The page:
Chaney acknowledged at the end of last season that his offense had underperformed. Was his play-calling hamstrung by the limitations of Eason, or was it just coincidence that he finally seemed to open things up when Fromm got in there?
Actually, I think the main factor in the offensive turnaround has been improved play by the line, which was terrible last season.
With Georgia once again running on opponents, the Dawgs now are able to maintain a lead and eat up clock, and that’s chiefly because the OL is doing a better job. It also has opened up the play-action passing game.
But, let’s not underplay the Fromm factor. He’s converting third downs and has a steadier pocket presence than Eason did last year, most of the time waiting patiently until his receivers can get open. Of course, the 2016 OL protected so poorly that Eason had defenders in his face almost every time he dropped back to pass, which likely would have made any first-year QB nervous. Had Eason gotten to play behind a better line, chances are we would have seen more progress from him.
Also, as my son Bill pointed out, the routes receivers are running this season look more manageable. It seemed like Eason had to deal with a lot of long, difficult sideline routes, whereas Fromm has gotten a lot of 10- to 15-yard routes over the middle. His arm may not be as strong as Eason’s, but he’s been extremely effective.
The addition of the run-pass option for Fromm also is a factor this year. Would that have been as successful with Eason behind center? We can only speculate.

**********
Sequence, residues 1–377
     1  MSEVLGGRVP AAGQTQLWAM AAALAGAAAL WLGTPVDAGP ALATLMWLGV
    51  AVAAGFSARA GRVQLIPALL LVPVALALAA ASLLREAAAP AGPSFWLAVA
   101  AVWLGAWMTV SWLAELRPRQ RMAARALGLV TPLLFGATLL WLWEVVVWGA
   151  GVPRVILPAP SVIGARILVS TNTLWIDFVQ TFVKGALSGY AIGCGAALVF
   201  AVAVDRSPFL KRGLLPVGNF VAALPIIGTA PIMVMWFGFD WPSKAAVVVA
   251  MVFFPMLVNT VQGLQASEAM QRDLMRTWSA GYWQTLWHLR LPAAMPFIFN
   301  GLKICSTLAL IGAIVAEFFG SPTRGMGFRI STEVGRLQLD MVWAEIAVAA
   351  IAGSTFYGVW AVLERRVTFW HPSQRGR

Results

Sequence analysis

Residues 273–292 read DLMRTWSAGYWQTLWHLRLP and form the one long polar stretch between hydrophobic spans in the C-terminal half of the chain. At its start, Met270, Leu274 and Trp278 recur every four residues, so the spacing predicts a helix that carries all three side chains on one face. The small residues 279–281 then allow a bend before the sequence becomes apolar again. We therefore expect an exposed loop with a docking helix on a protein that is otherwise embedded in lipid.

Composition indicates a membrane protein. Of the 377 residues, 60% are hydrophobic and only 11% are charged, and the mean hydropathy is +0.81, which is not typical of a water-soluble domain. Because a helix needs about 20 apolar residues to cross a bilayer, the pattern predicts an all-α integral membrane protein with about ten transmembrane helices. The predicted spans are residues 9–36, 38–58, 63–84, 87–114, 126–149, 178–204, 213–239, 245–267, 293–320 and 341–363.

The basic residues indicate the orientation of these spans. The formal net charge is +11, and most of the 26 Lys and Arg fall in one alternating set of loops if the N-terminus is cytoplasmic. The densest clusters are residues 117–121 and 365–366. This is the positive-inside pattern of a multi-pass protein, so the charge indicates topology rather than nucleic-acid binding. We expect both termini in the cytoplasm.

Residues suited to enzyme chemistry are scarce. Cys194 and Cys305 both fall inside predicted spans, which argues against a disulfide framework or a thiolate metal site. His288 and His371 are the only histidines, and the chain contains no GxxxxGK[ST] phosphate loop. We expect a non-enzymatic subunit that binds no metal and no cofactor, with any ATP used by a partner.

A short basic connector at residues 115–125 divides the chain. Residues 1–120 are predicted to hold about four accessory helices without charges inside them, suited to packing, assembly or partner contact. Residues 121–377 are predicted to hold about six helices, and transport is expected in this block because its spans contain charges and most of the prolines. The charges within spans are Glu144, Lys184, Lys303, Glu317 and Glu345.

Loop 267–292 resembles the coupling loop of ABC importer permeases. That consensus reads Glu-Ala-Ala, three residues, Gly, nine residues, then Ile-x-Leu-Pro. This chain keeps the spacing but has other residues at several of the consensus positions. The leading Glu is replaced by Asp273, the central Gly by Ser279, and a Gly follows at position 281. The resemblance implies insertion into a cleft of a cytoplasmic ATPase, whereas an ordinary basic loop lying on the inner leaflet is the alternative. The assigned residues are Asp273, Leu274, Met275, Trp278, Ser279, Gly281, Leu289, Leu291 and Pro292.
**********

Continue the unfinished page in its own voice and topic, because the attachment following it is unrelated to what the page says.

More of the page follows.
Special-teams play also has been drastically improved this season, with Rod Blankenship routinely booming kickoffs through the end zone and steady on his extra-point and field-goal tries. (Georgia still could use more of a return game, though, particularly on punts.)
And, then, there’s the so-called “culture change” we hear so much about, and the players “buying in,” as evidenced in the decision of key upperclassmen to return for another year. As fan Owen Scott said, “I give Kirby Smart major credit for recruiting and retaining quality players and for instituting a culture of seriousness of purpose and teamwork that has kept the team disciplined, focused, and cohesive through the first seven games.”
My buddy Scott said “this team reminds me of so many of the better Dooley teams — no-flash offense that often manages just to get the job done, but you can hang your hat on the defense and special teams every week. Very consistent across the board.”
All of which has fans daring to think about Georgia’s College Football Playoff prospects. While a victory in the SEC Championship Game undoubtedly guarantees the winner a spot in the playoff, fans are wondering what the chances are of the conference getting two of the four playoff spots if Georgia and Alabama were to meet in the game, both with previously undefeated records.
Frankly, I think both winner and loser of the SEC Championship Game getting into the playoff is unlikely if Bama is the winner and Georgia winds up as the one-loss also-ran, but there might be a chance of it happening if No. 1 Bama loses to Georgia. Still, as the AJC’s Tim Tucker noted, USA Today, CBS Sports and Sports Illustrated all have projected that both the Crimson Tide and the Bulldogs will reach the playoff this season, even though, in the CFP’s first three years, no more than one team from a single conference has reached the playoff in any given season. Also, that would mean at least two of the Power 5 conferences were left out of the playoff, which would not go over well in much of the country.
Overall, UGA fans appear to be upbeat, judging from the mail I got this week. As Travis Hill said, “I think our team is in the right hands, finally. … Kirby has a vision … and this is just the beginning.”
I like how a fan calling himself Prime Teague summed up where we are: “As UGA fans, we should take a deep breath [and] enjoy this ride.”